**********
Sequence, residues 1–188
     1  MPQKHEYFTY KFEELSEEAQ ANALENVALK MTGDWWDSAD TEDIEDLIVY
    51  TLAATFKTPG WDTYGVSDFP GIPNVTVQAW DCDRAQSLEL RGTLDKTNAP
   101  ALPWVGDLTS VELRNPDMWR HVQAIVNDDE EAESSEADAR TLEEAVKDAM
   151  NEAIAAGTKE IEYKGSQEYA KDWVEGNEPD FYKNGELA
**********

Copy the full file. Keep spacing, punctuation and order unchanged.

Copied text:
Sequence, residues 1–188
     1  MPQKHEYFTY KFEELSEEAQ ANALENVALK MTGDWWDSAD TEDIEDLIVY
    51  TLAATFKTPG WDTYGVSDFP GIPNVTVQAW DCDRAQSLEL RGTLDKTNAP
   101  ALPWVGDLTS VELRNPDMWR HVQAIVNDDE EAESSEADAR TLEEAVKDAM
   151  NEAIAAGTKE IEYKGSQEYA KDWVEGNEPD FYKNGELA